Beautiful Malice

…by Rebecca James.

17 year old Katherine Patterson has moved to Sydney to get away from her life in Melbourne. While she lives with her aunt Vivien and attends Drummond High School with the aim of keeping to herself and getting through the HSC, she is befriended by Alice at school. Alice is infectious. An extroverted, bubbly girl living by herself in the inner city, breathtakingly beautiful and with no apparent regrets or anxieties. However, Alice avoids talking about anything emotional. But it doesn’t bother Katherine as she too has a secret she wants to keep hidden. It has to do with the death of her younger sister Rachel. The very reason Katherine left Melbourne and chose not to go to Newcastle with her parents.  However, all is not right with Alice. She can be vicious and mean. She treats her boyfriend Robbie like dirt. She doesn’t like it if things are not all about her.

Will Katherine put up with this or will she see through Alice? 

What is it about Katherine’s past that makes her still feel so guilty?

What happened to her sister Rachel? What is the deep dark family secret?

And what secrets does Alice have herself? 

To find out the secrets, read the book. All in all, it was a captivating thriller and I managed to read it in a day. The author has an engaging style and the plot is pretty interesting. The characters are average in that there isn’t too much depth to them. However, you have to remember it is a book aimed at young adults and possibly the plot is more important than characters. Some of the shit that Alice dishes out to her ‘friends’ makes it a bit hard to understand why they put up with it. Why they put up with her. The book goes from present to past with an adult Katherine narrating the story. The adult Katherine appears to have dealt with a lot of grief through her life and is now living for the sake of her 4 year old daughter. In short, it is a great debut novel.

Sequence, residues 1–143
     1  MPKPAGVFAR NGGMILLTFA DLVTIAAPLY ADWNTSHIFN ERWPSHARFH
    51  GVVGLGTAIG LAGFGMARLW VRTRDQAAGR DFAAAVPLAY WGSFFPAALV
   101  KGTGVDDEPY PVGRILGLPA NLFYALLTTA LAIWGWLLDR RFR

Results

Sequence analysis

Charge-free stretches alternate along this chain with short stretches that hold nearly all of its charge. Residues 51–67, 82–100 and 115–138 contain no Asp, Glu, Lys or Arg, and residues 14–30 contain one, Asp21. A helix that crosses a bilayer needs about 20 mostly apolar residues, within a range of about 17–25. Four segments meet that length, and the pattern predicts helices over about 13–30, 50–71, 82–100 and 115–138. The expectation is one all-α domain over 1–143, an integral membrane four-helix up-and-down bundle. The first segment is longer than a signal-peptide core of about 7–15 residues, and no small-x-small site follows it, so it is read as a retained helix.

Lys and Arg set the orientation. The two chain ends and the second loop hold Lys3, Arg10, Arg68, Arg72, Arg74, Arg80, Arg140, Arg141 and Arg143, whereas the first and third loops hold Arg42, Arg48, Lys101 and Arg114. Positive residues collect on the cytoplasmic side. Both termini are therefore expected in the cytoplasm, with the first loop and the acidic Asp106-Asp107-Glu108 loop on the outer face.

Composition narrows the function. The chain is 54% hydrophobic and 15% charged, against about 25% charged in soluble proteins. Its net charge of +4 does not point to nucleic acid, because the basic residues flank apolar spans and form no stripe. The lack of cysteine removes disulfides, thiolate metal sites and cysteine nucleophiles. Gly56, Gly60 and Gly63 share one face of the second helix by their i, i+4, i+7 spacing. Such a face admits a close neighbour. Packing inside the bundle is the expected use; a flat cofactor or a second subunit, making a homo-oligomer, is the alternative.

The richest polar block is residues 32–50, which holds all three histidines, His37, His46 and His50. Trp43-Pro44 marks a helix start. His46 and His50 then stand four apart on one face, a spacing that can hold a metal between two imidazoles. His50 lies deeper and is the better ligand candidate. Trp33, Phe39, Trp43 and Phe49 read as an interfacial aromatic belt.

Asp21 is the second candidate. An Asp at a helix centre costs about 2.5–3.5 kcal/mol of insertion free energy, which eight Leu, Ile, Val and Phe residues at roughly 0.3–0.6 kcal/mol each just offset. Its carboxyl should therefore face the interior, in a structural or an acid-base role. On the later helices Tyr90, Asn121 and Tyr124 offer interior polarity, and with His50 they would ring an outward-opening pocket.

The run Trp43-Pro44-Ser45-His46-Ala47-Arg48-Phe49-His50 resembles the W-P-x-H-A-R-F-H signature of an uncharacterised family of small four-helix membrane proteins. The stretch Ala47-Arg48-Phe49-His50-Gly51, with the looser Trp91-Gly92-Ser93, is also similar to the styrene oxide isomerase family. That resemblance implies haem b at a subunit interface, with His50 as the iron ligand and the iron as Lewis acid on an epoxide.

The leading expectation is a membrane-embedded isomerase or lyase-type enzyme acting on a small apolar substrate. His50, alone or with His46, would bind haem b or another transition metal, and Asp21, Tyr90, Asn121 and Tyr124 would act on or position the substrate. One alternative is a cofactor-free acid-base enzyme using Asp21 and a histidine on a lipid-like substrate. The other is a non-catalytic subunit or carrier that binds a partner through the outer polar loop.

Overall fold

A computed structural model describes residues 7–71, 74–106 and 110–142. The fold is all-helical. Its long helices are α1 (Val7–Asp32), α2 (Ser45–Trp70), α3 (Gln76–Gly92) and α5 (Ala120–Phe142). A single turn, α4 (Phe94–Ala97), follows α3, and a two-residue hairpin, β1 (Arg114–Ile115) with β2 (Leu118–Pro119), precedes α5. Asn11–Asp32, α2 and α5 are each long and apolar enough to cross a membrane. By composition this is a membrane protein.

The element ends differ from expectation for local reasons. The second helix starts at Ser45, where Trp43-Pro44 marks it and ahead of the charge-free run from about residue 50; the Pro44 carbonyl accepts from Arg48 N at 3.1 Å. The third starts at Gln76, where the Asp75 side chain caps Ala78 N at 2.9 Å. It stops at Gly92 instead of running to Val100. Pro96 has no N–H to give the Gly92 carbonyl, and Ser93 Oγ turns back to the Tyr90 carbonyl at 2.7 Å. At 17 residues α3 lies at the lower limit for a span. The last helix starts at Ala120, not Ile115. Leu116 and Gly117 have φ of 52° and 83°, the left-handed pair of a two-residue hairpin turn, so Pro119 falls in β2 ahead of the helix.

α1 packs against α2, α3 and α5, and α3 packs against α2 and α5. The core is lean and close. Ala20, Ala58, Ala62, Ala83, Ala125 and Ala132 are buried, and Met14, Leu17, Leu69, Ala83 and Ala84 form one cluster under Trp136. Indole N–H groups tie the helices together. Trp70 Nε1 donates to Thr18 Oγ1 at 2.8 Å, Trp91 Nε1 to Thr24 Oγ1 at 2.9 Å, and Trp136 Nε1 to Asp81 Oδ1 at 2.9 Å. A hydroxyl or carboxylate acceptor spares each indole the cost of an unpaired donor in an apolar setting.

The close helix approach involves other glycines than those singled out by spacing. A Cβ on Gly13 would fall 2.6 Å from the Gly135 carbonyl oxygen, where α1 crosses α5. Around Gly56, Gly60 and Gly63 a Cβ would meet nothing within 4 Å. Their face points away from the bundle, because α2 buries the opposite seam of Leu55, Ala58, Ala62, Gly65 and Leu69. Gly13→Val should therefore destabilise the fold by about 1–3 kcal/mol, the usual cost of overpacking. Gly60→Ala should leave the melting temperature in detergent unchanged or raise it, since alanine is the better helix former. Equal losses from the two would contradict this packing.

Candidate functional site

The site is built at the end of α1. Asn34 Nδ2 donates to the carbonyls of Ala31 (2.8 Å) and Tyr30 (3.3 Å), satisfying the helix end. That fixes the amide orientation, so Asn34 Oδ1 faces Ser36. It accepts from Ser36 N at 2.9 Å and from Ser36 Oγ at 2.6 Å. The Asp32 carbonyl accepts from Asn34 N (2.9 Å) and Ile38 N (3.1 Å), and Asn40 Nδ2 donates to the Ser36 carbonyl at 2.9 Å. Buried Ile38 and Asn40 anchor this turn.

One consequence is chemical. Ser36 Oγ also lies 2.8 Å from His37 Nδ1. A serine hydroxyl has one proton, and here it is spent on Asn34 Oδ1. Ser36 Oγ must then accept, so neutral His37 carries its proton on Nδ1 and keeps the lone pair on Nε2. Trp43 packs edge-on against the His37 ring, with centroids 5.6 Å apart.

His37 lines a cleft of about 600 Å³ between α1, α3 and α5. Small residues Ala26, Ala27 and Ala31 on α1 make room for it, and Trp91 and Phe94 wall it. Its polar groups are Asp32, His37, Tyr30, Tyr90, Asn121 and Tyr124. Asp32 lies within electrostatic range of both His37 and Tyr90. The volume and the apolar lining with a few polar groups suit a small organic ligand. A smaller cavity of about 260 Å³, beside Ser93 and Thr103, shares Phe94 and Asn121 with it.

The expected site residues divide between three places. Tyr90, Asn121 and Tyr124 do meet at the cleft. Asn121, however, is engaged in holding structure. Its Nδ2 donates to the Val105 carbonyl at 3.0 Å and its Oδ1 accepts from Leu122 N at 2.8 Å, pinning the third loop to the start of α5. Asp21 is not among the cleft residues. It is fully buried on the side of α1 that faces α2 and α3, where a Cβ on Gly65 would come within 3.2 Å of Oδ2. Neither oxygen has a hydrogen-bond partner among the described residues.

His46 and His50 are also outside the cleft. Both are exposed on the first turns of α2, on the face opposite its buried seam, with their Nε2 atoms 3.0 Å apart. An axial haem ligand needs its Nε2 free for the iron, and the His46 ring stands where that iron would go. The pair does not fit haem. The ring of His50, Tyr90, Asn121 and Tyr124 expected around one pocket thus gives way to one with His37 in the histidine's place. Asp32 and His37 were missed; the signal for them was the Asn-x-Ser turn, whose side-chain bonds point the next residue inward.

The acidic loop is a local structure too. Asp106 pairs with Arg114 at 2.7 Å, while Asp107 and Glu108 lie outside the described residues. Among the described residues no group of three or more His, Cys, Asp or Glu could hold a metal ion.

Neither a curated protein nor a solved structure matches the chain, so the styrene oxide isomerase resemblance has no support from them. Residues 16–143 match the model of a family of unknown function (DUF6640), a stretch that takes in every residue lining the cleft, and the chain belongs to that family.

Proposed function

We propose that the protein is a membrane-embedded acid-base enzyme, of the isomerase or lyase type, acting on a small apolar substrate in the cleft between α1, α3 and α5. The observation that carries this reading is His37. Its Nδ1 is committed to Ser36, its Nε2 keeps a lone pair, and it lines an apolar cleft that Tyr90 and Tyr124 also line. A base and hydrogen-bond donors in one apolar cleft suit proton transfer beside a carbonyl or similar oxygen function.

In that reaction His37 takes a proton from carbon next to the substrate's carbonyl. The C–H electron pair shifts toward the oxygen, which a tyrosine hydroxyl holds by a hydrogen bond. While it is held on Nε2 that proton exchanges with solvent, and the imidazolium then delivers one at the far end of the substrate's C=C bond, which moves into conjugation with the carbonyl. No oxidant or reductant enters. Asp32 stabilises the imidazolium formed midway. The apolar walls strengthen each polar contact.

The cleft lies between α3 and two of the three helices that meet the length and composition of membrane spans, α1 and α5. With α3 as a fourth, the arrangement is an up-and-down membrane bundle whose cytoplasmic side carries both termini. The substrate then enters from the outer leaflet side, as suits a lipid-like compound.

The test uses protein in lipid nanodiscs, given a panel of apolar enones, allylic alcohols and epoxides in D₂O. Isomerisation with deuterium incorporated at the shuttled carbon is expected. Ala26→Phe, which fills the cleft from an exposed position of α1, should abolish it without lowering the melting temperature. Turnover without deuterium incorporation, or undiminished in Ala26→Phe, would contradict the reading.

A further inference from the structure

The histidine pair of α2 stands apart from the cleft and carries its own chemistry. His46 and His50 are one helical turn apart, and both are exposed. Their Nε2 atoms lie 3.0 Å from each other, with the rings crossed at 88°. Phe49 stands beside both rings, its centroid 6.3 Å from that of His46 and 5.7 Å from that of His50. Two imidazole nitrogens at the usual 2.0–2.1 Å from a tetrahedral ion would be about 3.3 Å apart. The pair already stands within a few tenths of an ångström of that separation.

I would give it a rating of 4.

Until next time,


Note: This has been cross-posted on my personal blog.



‘Wanting’ is a book by Australian author Richard Flanagan. The year is 1839. The setting is Van Diemen’s land (Tasmania, as it is known today). A young Aborginal girl by the name of Mathinna attempts to get help from the Protector for her dying father. Fast forward twenty years on. Charles Dickens, the most prolific author of his time, is dealing with a dead end marriage and lack of interest in life. Until he is approached by the person connecting the two stories together. Lady Jane Franklin, the wife of one of the most famous explorers, Sir John Franklin.

In 1841, Sir John Franklin was the governor of Van Diemen’s land and lived in the convict colony with his wife. Lady Jane is enamoured by Mathinna and decides to adopt her as part of an experiment to ‘civilise’ the ‘savage’ child. The underlying belief of the times is that by controlling one’s passion and wanting, one will be civilised. It is apparently the ‘savages’ who give in to the passion and wanting. Thus, Lady Jane, being the civlised person that she is, does not give in to her needs to hug or comfort the child. On the other hand, Sir John eventually finds himself living for the time spent with Mathinna. Thus drawing ridicule from his peers. Lady Jane’s experiment fails and Mathinna is left back in Van Diemen’s land in an orphanage. Sir John Franklin disappears on an exploration which is rumoured to have ended in cannibalism. A scandalous suggestion for the times. Lady Jane requests Dickens’ help to put an end to these rumours. As Dickens get into the story, he ends up producing and starring in a play inspired by Sir John Franklin. His belief is that discipline and strong will can help conquer yearning and desire. Except, through the play, he meets Ellen Ternan and finds himself unable to conquer his own wanting.